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Most of the kids I know didn't start working hard until they were in late high school. I despaired of my 21yo ever getting his act together in high school. He is a genius by all tests - perfect SAT score, etc. - but his grades were consistently Bs. When he was 17 he finally got his act together and has made us very proud. He is always conscious of what we are paying for him to go to school and feels it's essential to work hard to make it worth our sacrifice. My 18yo was always good at studying, but it was more out of a desire to please; it wasn't until she was 16 that she really started busting her butt because she realized she could actually achieve something.
My 13yo OTOH would play video games til his eyes fell out of his head. He's the one I worry about, but since he's the only one at home DH & I can keep on him. He has problems with executive functioning, so I am not sure he will ever get it together like his older siblings. Still, his level of motivation and the amount he works is age appropriate. It's a rare 13yo that works hard just because.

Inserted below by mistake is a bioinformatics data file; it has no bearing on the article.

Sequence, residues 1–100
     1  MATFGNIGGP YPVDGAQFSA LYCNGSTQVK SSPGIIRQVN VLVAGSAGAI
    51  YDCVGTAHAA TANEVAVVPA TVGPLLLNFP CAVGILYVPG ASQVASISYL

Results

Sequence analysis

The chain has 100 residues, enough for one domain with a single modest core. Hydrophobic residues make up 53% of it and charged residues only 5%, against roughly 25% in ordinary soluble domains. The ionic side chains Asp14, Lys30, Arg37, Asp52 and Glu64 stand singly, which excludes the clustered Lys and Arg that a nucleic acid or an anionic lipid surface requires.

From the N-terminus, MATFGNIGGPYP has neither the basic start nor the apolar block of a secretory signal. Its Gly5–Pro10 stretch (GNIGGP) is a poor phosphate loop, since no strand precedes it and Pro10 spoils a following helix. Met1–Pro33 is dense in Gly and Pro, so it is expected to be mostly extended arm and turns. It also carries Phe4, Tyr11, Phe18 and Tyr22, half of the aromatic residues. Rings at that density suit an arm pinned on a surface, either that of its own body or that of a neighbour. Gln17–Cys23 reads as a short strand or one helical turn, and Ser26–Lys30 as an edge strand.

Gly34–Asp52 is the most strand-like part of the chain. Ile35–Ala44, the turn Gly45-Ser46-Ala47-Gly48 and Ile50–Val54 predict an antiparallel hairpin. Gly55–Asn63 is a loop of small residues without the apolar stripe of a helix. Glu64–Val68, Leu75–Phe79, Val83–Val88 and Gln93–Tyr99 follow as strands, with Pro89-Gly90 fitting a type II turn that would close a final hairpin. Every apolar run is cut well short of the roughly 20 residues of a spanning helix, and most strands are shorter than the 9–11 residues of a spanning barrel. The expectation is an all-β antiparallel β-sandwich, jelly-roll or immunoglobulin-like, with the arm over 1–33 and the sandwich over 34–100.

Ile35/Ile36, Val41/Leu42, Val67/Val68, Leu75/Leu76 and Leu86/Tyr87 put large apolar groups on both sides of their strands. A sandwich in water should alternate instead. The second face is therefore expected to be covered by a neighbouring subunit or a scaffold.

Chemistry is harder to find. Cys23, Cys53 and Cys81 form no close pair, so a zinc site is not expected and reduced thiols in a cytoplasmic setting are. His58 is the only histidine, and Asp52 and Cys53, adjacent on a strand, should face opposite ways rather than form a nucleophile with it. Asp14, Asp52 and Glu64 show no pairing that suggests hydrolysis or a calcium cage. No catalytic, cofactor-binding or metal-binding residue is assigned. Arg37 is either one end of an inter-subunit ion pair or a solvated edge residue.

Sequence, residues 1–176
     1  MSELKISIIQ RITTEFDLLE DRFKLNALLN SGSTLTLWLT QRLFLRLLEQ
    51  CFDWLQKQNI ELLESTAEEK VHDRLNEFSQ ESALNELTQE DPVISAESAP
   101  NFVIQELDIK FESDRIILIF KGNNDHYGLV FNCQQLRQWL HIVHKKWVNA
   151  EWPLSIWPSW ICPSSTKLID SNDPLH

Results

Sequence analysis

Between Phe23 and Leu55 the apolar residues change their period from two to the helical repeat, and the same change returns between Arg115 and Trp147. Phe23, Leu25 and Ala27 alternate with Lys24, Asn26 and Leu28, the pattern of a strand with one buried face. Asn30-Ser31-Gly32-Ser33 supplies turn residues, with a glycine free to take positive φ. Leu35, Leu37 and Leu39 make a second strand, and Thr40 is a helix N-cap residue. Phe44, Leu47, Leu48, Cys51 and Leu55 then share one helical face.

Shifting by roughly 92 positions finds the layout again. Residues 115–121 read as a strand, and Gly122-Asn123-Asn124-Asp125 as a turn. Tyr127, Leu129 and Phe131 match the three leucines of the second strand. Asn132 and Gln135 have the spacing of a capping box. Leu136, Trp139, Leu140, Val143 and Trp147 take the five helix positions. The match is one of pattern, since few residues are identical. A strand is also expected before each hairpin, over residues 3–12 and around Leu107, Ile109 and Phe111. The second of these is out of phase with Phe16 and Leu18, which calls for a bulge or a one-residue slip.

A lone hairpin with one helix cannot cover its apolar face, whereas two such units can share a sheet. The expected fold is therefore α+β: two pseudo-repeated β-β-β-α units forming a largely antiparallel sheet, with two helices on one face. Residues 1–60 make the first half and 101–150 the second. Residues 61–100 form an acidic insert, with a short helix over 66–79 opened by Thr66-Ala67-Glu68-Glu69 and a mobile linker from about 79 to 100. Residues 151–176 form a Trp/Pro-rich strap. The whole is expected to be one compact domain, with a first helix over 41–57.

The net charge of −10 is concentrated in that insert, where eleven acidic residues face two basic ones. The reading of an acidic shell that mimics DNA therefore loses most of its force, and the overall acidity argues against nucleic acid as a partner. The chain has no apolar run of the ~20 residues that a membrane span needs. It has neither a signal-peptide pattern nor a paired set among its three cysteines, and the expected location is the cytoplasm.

When you say, "I don't see any of them headed in the trades direction," do you mean that people in the trades work harder than others? My nieces/nephews/kids/young friends all work hard but only a couple are in hands-on trades.
I'm sorry you view it as sad. I just see it as reality. Of course, my kids are younger than yours and their friends and kids I know. I hope they prove me wrong, really, I do. They have not started working yet. I guess we will see. I just don't see any of them headed in the trades direction. Perhaps when they get their own goals and figure out what they really want of life and realize what it costs things will change. I try to help with educating them but I don't think it will really stick until the time comes when it becomes applicable to them. Time will tell.